While the town of Prosperous may have an alluring name, the small Dublin suburb has fallen on hard times like so many other communities around Ireland. Bloomberg reports on the community struggling to live up to its name.
Prosperous was founded in the 1780s and meant to serve as a cotton manufacturing center, though never succeeded in its prospects. The small town in Kildare, like many other communities around the country, is now plagued with strains of the collapse of the Celtic Tiger today - especially in areas of plummeting house prices, debt and emigration.
The Celtic Tiger boom between 1997 and 2007 brought massive growth to Ireland, and Prosperous, just 25 miles outside of Dublin, reaped the benefits. House prices jumped to around $400,000 for a three-bedroom property in town. The town expanded by about 27 percent between 2002 and 2006; accordingly, the number of housing spots rose to 845 in total, an increase of 30 percent.
Those days, however, feel long gone now in Prosperous.
Those same houses are selling for about 60 percent less than their original prices. 1 in 12 houses in Prosperous are unoccupied, while around 1,850 properties are still incomplete.
Sean Reilly, 66, and a Prosperous local business owner, said, “People were queuing for homes, suckered into believing they had to get onto the ladder.
“A lot of people bought to rent. There was a period where people felt they weren’t part of the gang if they didn’t buy. People were playing pass the parcel and hoping to God they didn’t get caught.”
While the climate of Prosperous is appearingly desperate, it’s the same around the rest of the country, says Reilly. “It’s a mirror image of everywhere else in Ireland; people are drowning and under pressure.”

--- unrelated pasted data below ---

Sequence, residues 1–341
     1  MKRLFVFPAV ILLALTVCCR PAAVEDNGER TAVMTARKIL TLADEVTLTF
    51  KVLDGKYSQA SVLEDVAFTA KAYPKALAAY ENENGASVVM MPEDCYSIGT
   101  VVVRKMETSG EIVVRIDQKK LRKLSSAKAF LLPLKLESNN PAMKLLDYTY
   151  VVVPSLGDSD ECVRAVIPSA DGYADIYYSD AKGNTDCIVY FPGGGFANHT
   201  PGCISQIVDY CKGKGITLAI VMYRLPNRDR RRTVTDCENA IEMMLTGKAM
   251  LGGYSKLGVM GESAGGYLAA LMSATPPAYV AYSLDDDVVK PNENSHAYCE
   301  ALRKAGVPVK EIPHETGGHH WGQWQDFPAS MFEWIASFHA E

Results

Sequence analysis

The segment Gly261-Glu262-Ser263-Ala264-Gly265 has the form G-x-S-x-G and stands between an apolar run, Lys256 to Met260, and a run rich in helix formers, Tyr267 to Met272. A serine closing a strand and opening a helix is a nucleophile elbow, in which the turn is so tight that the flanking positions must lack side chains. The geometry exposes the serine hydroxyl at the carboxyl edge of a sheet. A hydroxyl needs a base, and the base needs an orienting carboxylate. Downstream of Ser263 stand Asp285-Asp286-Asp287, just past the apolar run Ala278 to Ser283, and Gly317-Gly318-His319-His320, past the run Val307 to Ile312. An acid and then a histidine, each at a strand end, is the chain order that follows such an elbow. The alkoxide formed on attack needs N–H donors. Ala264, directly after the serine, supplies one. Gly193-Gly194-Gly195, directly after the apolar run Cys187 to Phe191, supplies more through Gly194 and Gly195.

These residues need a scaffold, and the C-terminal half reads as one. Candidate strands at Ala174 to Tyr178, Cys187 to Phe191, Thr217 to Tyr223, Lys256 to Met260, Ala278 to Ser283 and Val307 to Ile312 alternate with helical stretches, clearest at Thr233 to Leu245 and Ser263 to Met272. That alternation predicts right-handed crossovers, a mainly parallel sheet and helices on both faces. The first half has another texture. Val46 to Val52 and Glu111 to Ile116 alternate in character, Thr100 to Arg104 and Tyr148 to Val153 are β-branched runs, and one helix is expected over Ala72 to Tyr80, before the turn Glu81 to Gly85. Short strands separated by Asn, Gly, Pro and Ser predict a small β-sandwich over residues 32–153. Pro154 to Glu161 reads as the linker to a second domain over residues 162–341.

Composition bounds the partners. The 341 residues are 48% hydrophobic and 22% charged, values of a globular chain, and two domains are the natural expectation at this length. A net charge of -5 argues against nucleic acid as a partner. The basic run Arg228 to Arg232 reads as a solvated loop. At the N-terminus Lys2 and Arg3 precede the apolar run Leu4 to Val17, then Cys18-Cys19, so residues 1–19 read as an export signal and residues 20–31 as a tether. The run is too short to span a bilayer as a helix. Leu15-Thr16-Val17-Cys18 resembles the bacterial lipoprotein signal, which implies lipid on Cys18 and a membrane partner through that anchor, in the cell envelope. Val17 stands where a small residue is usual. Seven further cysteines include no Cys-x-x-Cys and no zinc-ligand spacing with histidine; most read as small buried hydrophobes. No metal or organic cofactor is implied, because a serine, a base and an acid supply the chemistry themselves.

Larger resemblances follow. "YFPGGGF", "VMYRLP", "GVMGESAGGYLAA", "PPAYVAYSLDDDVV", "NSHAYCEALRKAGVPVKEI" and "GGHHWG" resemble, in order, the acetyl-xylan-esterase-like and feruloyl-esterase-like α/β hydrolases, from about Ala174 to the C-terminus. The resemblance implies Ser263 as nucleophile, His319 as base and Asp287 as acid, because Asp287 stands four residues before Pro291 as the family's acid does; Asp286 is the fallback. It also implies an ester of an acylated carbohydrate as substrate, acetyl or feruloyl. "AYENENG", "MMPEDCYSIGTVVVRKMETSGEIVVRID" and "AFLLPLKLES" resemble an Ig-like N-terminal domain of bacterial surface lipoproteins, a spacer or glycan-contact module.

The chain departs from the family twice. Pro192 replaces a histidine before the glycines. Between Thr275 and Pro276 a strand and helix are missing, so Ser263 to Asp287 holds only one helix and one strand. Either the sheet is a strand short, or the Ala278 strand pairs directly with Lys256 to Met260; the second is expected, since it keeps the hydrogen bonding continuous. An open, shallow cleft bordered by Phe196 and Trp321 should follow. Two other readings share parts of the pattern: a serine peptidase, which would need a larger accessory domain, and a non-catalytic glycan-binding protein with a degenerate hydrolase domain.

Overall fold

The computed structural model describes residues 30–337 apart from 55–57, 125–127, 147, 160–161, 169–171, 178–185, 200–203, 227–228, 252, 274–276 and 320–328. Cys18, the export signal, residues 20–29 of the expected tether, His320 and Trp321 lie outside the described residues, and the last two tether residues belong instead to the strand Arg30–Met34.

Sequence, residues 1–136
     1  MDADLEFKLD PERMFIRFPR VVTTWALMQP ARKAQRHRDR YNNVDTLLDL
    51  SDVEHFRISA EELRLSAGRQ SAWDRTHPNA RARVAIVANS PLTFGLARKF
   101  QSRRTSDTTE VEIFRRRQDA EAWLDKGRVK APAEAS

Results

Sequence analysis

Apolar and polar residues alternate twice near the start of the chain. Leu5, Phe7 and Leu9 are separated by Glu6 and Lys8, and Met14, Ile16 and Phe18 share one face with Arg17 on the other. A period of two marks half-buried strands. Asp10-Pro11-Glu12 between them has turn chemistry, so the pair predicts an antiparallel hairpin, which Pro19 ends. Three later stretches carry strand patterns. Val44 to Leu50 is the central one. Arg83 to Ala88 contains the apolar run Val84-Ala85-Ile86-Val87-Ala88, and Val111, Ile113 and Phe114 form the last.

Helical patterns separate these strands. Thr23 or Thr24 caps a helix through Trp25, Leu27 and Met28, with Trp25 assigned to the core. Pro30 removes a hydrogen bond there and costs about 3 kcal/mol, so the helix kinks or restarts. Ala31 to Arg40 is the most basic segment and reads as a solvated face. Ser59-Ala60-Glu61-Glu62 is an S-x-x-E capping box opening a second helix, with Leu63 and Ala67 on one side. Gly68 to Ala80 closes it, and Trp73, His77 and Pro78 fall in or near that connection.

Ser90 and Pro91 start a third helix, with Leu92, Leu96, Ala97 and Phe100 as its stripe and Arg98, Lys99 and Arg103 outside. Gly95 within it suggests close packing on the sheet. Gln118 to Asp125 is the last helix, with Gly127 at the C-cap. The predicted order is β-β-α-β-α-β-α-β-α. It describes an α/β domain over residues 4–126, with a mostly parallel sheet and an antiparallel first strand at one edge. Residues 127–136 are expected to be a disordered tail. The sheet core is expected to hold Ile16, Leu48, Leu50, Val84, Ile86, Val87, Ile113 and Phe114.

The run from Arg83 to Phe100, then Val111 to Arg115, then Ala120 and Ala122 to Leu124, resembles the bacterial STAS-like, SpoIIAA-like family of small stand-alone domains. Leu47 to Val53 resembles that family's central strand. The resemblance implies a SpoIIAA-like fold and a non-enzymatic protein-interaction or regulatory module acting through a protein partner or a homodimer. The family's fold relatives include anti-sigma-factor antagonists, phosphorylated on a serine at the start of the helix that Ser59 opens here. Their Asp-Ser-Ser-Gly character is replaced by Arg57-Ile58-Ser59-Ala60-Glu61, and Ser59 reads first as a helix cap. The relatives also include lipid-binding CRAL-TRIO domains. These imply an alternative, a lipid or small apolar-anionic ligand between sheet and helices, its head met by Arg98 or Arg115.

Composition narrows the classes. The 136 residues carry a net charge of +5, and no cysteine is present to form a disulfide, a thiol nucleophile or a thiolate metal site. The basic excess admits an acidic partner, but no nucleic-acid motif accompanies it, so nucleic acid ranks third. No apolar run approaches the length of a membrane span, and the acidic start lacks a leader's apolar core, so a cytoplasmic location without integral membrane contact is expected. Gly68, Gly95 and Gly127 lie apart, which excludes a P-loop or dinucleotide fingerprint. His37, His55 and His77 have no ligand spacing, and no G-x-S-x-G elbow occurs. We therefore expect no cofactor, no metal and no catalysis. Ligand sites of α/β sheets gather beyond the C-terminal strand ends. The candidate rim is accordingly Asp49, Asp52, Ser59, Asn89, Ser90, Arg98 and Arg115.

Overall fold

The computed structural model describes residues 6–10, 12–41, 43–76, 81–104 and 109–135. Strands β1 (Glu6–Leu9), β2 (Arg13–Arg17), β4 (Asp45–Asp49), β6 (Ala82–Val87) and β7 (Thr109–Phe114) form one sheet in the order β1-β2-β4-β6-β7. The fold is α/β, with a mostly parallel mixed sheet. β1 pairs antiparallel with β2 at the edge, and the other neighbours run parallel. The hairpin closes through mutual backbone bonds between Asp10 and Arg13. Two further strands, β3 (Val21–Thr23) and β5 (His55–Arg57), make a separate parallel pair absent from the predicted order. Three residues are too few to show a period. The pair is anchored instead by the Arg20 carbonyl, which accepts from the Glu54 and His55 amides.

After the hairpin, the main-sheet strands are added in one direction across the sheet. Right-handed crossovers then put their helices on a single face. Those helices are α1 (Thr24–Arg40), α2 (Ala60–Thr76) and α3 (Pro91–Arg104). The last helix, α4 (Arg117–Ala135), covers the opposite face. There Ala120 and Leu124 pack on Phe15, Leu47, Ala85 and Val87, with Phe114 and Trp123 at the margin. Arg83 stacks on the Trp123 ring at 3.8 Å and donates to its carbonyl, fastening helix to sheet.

An auctioneer, undertaker and antique-shop owner, Reilly had employed 30 people at the height of the boom. Now though, his workforce has reduced by more than half with only 12 people still working for his businesses.
His antiques shop - which used to welcome customers purchasing products worth thousands of Euro - is advertising its largest ever sale, with many products at half-price.
“If you walk into a pub and ask them, eight out of 10 people would tell you they are more worried than they ever have been in their lives,” said Reilly.
Mayor of Prosperous and member of Fine Gael, Michael Nolan echoed Reilly’s sentiment by saying the troubles in Prosperous are echoed throughout the region and country.
“No one is escaping the frustration out there,” said Nolan. “People bought into the economy, thinking it was built on solid foundations and who is paying? The ordinary person.
“It’s going to be 10 years or maybe longer before we to get back where we would be comfortable, to live without worry of mortgages, bills, schools uniforms,” he said.
Economist Juliet Tennet with Goodbody Stockbrokers in Dublin confirmed Mayor Nolan’s fears - “That disconnect between the headline numbers, how the world views Ireland and what it feels like on ground is going to persist for some time.
“Consumers continue to be faced with austerity, tight credit conditions, a weak labour market and high household debt.”
Evidently, the hard times are spread evenly over all the generations. Struggling alongside Sean Reilly is 25 year old Ger Boland, a videographer who has seen work all but disappear over the last few years. Aside from the work, he’s seen most of his friends emigrate elsewhere - Boland is currently waiting for a Visa application to head for the US like so many other Irish people have done.
“In the boom, the work was immense,” said Boland, who this month helped organize a three-day music festival in Prosperous aimed at restoring the village as a venue and giving a boost to local businesses. “Now, with the recession, I have so much time on my hands.”
Moving to Ireland
After living in Ireland for almost one year, this is what I’ve learned